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Bondi shark alert systems beams warning to nobody on Google Plus

Who's a clever buoy? Not the folks targeting an audience smaller than MySpace

Business security measures using SSL

An Australian company called Shark Mitigation Systems has come up with something interesting: a sonar-equipped buoy that can spot sharks and then beam information about their presence to lifeguards over Optus' mobile telephony network.

The idea is that the buoys will be tethered off Australia beaches, for two purposes.

The first is to learn more about shark behaviour, which is undoubtedly worthy.

The second is to offer real-time information about lurking piscatorial predators to lifeguards and swimmers. To help those beyond the beach, the alerts will also be sent out over Google Plus.

Before we analyse this, let's acknowledge the nice integration job: building this rig would have required plenty of smarts. Let's also acknowledge that it's a fine idea to prevent any injury or death.

But let's not let this PR exercise – for this is at the core of the project – escape closer examination, not least because the project is solving the wrong problem. As we've previously noted, an Australian “... has a 1 in 3,362 chance of drowning at the beach and a 1 in 292,525 chance of being killed by a shark in one's entire lifetime.”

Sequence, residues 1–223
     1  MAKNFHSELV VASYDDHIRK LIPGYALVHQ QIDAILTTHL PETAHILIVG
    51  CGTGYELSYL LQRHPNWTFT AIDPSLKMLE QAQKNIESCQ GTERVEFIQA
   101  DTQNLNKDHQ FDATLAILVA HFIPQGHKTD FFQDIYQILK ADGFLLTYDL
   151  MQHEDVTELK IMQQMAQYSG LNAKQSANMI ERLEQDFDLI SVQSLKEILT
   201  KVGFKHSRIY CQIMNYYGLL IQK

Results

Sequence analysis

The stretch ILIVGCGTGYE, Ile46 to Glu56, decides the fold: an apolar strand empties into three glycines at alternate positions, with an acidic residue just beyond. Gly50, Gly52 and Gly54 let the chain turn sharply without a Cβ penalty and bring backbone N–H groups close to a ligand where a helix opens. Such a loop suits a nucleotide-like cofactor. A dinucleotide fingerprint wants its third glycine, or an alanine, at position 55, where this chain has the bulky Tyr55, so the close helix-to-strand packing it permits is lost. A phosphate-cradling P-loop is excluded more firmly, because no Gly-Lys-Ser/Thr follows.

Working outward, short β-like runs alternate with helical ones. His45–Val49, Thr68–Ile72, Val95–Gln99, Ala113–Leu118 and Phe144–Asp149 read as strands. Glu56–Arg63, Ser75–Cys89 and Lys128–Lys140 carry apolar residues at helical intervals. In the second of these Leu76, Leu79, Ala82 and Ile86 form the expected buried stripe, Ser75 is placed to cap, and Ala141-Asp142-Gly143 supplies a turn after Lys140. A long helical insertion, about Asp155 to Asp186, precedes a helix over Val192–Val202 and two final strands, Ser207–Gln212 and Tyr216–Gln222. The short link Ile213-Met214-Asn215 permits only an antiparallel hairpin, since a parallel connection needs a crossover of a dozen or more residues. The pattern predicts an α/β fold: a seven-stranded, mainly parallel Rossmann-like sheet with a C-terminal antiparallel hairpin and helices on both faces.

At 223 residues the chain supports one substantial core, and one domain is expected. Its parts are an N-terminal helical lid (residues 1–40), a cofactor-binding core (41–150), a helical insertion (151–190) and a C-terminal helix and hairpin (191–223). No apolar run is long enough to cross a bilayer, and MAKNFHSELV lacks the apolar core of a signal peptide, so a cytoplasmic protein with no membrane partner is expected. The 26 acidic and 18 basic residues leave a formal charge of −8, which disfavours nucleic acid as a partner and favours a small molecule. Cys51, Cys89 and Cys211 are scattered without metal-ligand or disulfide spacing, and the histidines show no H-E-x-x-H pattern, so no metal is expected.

Australians are understandably paranoid about sharks. But technology to help prevent drowning would save more lives.

Secondly, Google Plus has a small active population in Australia. The Yellow Pages Social Media Report (PDF) suggests only 15 per cent of social media users are on the network, fewer in the beachgoing demographic of 14-29 year olds. The report has Facebook in the high 90 per cents. Socialmedianews.com.au estimates that Facebook has 13.2m users in Australia. Twitter has 2.5m and even MySpace still has 180,000. Google Plus can muster just 65,000.

Choosing Google Plus makes it hard to see this project as purely a public safety exercise. From Vulture South's eyrie it looks hard not to to see it as a more cynical effort to get people to pay attention to Google Plus and feel nice about Optus. ®

Business security measures using SSL

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